Reading Andrew Sullivan’s endorsement for the GOP primary inspired me to make a choice for this primary election as if I were participating in a Republican caucus or primary. My views– the absolutely non-coveted Joe Perez endorsement — can be found at the end of this post.
First, Andrew Sullivan’s post for those of you who are interested:
Which brings me to Ron Paul. Let me immediately say I do not support many of his nuttier policy proposals. I am not a doctrinaire libertarian. Paul’s campaign for greater oversight of the Fed is great, but abolition of it is utopian and dangerous. A veto of anything but an immediately balanced budget would tip the US and the world into a serious downturn (a process to get there in one or two terms makes much more sense). Cutting taxes as he wants to is also fiscally irresponsible without spending cuts first. He adds deductions to the tax code rather than abolish them. His energy policy would intensify our reliance on carbon, not decrease it. He has no policy for the uninsured. There are times when he is rightly described as a crank. He has had associations in the past that are creepy when not downright ugly.
But all this is why a conservative like me is for Obama. What we are talking about here is who to support in a primary dominated by extremes, resentment, absence of ideas and Obama-hatred.
And I see in Paul none of the resentment that burns in Gingrich or the fakeness that defines Romney or the fascistic strains in Perry’s buffoonery. He has yet to show the Obama-derangement of his peers, even though he differs with him. He has now gone through two primary elections without compromising an inch of his character or his philosophy. This kind of rigidity has its flaws, but, in the context of the Newt Romney blur, it is refreshing. He would never take $1.8 million from Freddie Mac. He would never disown Reagan, as Romney once did. He would never speak of lynching Bernanke, as Perry threatened. When he answers a question, you can see that he is genuinely listening to it and responding – rather than searching, Bachmann-like, for the one-liner to rouse the base. He is, in other words, a decent fellow, and that’s an adjective I don’t use lightly. We need more decency among Republicans.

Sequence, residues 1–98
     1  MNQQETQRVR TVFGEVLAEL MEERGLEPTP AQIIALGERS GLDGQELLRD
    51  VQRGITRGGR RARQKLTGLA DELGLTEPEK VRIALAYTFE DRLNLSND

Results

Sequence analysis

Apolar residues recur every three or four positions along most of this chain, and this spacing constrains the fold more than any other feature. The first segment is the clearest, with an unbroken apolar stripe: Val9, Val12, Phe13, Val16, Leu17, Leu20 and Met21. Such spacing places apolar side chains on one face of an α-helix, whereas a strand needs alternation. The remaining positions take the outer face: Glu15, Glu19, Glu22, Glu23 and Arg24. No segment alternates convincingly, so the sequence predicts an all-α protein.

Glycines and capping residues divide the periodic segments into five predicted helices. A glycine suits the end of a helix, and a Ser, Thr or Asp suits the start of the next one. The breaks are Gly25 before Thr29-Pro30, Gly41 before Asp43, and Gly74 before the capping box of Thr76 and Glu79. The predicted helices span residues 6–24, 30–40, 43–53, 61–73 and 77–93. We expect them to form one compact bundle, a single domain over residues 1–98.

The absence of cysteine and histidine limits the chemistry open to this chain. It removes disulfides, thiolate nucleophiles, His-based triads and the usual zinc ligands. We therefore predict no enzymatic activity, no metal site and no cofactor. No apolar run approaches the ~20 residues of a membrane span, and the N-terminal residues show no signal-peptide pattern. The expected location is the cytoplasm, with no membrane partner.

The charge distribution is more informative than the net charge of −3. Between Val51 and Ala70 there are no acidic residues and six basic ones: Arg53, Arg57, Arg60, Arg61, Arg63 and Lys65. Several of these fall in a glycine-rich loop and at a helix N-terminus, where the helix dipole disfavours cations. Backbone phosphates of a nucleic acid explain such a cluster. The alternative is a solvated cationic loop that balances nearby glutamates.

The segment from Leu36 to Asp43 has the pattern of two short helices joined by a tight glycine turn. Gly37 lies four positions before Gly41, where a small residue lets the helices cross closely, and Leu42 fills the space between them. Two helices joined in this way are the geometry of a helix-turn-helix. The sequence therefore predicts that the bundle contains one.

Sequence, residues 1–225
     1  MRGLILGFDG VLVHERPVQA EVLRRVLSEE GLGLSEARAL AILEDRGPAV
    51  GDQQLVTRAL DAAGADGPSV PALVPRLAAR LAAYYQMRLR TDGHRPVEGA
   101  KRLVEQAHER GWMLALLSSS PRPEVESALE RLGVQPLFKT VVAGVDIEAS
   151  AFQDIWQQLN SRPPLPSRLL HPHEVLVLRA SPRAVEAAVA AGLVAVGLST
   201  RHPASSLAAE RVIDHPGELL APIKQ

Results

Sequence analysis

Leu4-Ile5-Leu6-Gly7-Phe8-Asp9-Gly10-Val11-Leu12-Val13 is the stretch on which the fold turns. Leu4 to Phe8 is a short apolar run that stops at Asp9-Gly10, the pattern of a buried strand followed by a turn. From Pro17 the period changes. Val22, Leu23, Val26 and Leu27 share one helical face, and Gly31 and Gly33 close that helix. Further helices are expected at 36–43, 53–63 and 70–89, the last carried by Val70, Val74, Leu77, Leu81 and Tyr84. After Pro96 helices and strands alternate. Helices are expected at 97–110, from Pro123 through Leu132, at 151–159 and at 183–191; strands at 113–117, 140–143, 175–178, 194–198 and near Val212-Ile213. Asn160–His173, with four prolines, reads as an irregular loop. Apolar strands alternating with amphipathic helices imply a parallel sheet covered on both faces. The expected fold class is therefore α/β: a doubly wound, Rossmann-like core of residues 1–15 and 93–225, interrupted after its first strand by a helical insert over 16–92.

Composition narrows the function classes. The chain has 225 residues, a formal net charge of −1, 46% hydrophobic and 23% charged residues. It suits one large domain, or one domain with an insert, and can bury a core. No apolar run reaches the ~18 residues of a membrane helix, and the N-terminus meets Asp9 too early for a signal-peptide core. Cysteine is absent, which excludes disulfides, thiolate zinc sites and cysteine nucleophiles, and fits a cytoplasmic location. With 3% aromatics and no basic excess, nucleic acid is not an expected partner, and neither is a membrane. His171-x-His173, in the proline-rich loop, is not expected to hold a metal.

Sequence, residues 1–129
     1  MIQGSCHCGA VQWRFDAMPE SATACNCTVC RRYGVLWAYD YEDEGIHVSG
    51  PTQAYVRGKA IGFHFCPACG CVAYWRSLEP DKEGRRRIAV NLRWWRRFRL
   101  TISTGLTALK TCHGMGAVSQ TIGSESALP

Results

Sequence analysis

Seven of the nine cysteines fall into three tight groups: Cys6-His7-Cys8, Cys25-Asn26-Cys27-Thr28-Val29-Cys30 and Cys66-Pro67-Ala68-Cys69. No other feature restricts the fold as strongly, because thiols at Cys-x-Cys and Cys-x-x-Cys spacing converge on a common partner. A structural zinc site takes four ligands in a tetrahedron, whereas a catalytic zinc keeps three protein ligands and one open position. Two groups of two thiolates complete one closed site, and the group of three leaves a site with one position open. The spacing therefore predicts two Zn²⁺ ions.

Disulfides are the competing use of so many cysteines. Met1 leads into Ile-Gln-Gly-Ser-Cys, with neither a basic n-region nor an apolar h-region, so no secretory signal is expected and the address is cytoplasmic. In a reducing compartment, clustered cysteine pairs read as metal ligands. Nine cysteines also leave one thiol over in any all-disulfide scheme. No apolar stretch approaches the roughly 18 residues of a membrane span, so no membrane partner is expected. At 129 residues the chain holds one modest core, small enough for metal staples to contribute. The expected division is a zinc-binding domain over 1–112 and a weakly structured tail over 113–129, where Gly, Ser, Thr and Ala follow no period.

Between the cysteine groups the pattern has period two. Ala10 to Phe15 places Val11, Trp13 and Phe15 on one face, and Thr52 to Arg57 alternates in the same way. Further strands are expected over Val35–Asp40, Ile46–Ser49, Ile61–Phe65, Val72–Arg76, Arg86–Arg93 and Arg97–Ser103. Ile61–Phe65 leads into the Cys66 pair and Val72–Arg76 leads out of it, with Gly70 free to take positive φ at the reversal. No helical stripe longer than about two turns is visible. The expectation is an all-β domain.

via Ron Paul For The GOP Nomination. Ron Paul because he genuinely listens? Ron Paul because he’s personally loyal to Ronald Reagan? There are so many problems with Andrew’s endorsement, I don’t know where to begin, so I won’t. Andrew’s losing it a bit.
For the GOP nomination in 2012, I find no acceptable canidate among the leading contenders, nobody serious enough to take on the task of bringing healthy “limited government” political philosophy to bear in the real world.
Huntsman has shown the most promise among the candidates in the running, but he shows little evidence of being able to grasp the problems faced by America in a 21st-century filled with complex global challenges and massive wealth inequality at home.
Accordingly, my vote in the 2012 GOP primary would go to a write-in canidate. Possibly John Mackey, CEO of Whole Foods with a political philosophy that has sometimes been called libertarian. I’m not sure that he would take the nomination, or even if he’s a Republican, but my vote needs to go somewhere.
I may not agree with everything Mackey stands for politically, but God help us if “Newt Romney” ascends to a political office for which he is utterly unqualified.